The rhyme, rhythm and repetition common in Cowley's books are great for my younger readers.  When high frequency words are introduced, they are done nicely in context to promote automaticity.  I like how the story structure of a Mrs. Wishy-Washy adventure is linear and comical--perfect for introducing my readers to the problem and solution in fictional texts.  As a series, my readers gravitate towards filling their browsing boxes with her tales when book shopping for independent reading material.

Mrs. Wishy-Washy, along with her husband, make us laugh.  Her barnyard friends make me chuckle when the pretend to be sleeping when it's time to take a bath.  It's adorable when a mirror is introduced to the characters for the first time.  I enjoy a good mystery and am eager to find out what happened to all Mrs. Wishy-Washy's corn.  All of these familiar plot lines are favorites among my students too.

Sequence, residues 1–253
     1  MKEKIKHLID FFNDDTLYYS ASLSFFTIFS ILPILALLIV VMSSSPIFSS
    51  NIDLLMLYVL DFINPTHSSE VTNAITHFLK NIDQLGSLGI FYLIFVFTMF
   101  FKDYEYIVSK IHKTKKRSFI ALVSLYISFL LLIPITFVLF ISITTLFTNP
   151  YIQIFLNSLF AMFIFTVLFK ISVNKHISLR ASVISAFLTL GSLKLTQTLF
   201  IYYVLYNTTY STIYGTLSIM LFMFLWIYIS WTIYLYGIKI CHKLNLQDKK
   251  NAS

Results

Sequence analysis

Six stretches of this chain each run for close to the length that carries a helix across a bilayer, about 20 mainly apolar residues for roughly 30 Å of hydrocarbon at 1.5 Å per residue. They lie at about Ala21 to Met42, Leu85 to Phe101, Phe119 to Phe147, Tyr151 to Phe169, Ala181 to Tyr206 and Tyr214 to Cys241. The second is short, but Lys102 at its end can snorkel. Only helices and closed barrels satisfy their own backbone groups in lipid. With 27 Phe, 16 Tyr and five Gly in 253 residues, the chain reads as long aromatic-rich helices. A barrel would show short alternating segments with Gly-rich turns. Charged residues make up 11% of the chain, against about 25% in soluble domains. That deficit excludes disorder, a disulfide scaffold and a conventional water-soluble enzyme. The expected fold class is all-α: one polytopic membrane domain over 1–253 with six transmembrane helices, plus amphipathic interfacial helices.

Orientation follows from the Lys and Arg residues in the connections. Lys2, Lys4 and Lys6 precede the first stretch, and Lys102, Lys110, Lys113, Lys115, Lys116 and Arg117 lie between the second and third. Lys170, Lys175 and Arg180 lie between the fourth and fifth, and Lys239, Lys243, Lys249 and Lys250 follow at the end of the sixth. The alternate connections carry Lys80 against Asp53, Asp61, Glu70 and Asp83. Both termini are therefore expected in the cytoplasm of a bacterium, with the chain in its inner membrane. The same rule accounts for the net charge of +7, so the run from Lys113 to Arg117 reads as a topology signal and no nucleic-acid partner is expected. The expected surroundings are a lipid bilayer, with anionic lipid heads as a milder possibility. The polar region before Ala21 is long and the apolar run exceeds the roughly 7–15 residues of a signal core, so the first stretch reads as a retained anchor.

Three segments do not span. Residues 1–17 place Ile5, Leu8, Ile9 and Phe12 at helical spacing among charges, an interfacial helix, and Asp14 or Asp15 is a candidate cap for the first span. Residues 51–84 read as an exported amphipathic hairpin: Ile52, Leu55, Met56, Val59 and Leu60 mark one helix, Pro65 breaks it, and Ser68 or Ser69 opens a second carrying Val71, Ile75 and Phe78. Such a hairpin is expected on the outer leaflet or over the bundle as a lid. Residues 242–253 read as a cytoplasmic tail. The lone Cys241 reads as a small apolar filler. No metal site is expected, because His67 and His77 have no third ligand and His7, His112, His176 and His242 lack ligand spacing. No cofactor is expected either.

To celebrate, I'd like to share Hameray's Mrs. Wishy-Washy Contest.  Enter it by clicking HERE.  All you need to do is follow a few simple steps to win books, puppets and more.



I'm also offering up a little contest of my own thanks to the folks at Hameray--the chance to win a title chosen at random from the Mrs. Wishy-Washy Big Book collection mailed to you.  Sorry, but you need to live in the 48 contiguous states to win.


a Rafflecopter giveaway


Mrs. Wishy-Washy is on Facebook, so be sure to shoot her a "like."
For more information on Hameray's outstanding literature collections, find them on Twitter, Pinterest, or Facebook.  Have a good week and do Mrs. Wishy-Washy a favor and STAY OUT OF THE MUD!